Either he's the worst thing to happen to the sport of mixed martial arts, or he's the next big superstar.
He's the ratings draw that MMA desperately needs, or he's a wild animal, who will come to your house and eat your children. It's a discourse of extremes, and it isn't helping us understand what's really happening. The criticism of Slice (aka Kevin Ferguson) comes from all directions, and for different reasons. Some is legitimate and some isn't.
"He's an Internet sensation, who beat up guys at Taco Bell," former UFC champ Chuck Liddell said. "Come on. How hard is that to do?"
ESPN's LZ Granderson likened the image Slice has built for himself to be "a cross between Lil' Wayne and Kunta Kinte -- a runaway slave with a mouth full of gold teeth, playing up every single stereotype of an African-American male in exchange for short-lived adoration from a soulless media with ADD."
Different motivations, but the same message: Kimbo is bad -- bad for the sport, bad for his race, bad for the impressionable youth who see him on TV. It's a simple enough way of looking at things, even if it isn't completely fair.
A certain amount of backlash is to be expected. Slice has attained a type of fame that would not have been possible 10 years ago. Only in the age of viral video could beating up nightclub bouncers in backyard brawls be considered a path to national celebrity. But as uncomfortable and unsavory as those videos may be, is it fair to use them to define Slice as he pursues a career as a serious professional?
It's not a simple question. Slice's current persona is largely based on his past. Without those videos, without the notoriety the came with them, it's unlikely that he would be fighting on EliteXC's live event on CBS on May 31, much less making six figures to do it.
But it's not as if he's preparing for that fight by brawling in the streets and drinking malt liquor with Internet pornographers. By all accounts, Slice is a dedicated professional these days. He trains at Bas Rutten's Thousand Oaks gym alongside other fighters from all the major organizations. Rutten describes him as a model student, as do most of the trainers he's worked with.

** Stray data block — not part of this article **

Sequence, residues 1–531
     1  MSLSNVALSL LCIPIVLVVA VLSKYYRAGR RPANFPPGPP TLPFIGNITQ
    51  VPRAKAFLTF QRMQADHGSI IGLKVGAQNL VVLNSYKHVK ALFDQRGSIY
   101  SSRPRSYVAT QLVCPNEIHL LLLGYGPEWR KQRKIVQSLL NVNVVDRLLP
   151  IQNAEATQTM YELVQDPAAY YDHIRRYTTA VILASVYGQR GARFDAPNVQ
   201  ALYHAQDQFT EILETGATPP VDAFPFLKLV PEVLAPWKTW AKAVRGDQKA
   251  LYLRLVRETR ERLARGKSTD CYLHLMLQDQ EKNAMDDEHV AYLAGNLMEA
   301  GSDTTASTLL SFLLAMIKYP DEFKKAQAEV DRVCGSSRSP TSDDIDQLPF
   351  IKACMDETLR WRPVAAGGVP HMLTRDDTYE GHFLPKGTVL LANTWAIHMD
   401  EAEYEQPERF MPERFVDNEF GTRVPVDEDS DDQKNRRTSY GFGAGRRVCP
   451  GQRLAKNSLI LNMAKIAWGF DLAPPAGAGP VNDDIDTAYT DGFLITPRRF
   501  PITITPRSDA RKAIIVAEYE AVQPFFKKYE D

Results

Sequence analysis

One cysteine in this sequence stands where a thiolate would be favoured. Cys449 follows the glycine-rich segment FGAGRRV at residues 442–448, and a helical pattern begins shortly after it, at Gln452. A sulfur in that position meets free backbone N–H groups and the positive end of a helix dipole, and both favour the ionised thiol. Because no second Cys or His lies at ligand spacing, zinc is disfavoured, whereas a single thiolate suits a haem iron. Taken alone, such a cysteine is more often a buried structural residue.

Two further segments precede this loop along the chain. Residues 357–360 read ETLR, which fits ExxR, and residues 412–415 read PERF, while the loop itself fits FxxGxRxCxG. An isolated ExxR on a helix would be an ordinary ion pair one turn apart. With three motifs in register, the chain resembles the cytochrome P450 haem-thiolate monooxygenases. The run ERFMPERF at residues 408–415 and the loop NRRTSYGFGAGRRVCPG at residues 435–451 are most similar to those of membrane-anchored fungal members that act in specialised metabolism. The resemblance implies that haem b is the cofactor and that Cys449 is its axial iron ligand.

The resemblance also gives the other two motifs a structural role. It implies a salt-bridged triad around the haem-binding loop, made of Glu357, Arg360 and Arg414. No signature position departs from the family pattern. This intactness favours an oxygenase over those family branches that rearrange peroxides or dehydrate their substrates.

"I don't see anything that he does wrong for these people to talk about him like this," Rutten said. "Is it just because of the way he dresses that they call him a thug? If he dressed however they told him to dress, just to make people happy, that seems more like a slave to me. More people know him than know some other fighters, and some guys don't like that, but that's not his fault."
Whether or not it's not his fault, it is part of what's fueling the anti-Kimbo sentiment. What makes Slice's career as an MMA fighter so novel is that he was famous before he ever stepped in the cage. Many people had already made up their minds about him, as well as about whether he would be a help or a hindrance in MMA's ongoing struggle for mainstream acceptance.
Instead of working his way up the ranks the way any other fighter would have, Slice was fast-tracked for success because of his drawing power. He fought a series of high-profile fights against opponents with losing records. He spent no more than a few minutes in the cage. And yet the hype would have us believe that he's already arrived.
This is Slice's problem. It's not so much about who he is or what he's done, but how he's being marketed. Slice is not a main-event fighter. Not yet, anyway. But Elite XC didn't even blink when they tapped him to fight James Thompson (who's coming off two straight KO losses) as the headlining bout for their biggest event yet.
That tells us exactly what Elite XC's motivations are. They want to capitalize on the Kimbo craze before it dies down. They want to exploit his fame for ratings instead of letting him establish himself the old-fashioned way. They don't care that he may not be main-event caliber yet. Not as long as the ratings are good. Meanwhile, a proven veteran, like Robbie Lawler, fights for a title on the same show and hardly gets mentioned.
It's not so much a question of whether Slice deserves all the criticism he's getting, but rather how he deals with it. If he keeps winning fights and eventually faces more credible competition, he'll silence most of the critics.
Those who don't like how he dresses or talks or wears his beard will probably always be waiting in the wings to take a cheap shot, but such are the devils of fame. The notoriety that got him to this point is now an albatross around his neck, and the only way to get rid of it is by proving himself like a regular fighter.
Let's just hope the all-powerful hype machine EliteXC will give him that opportunity, and quickly.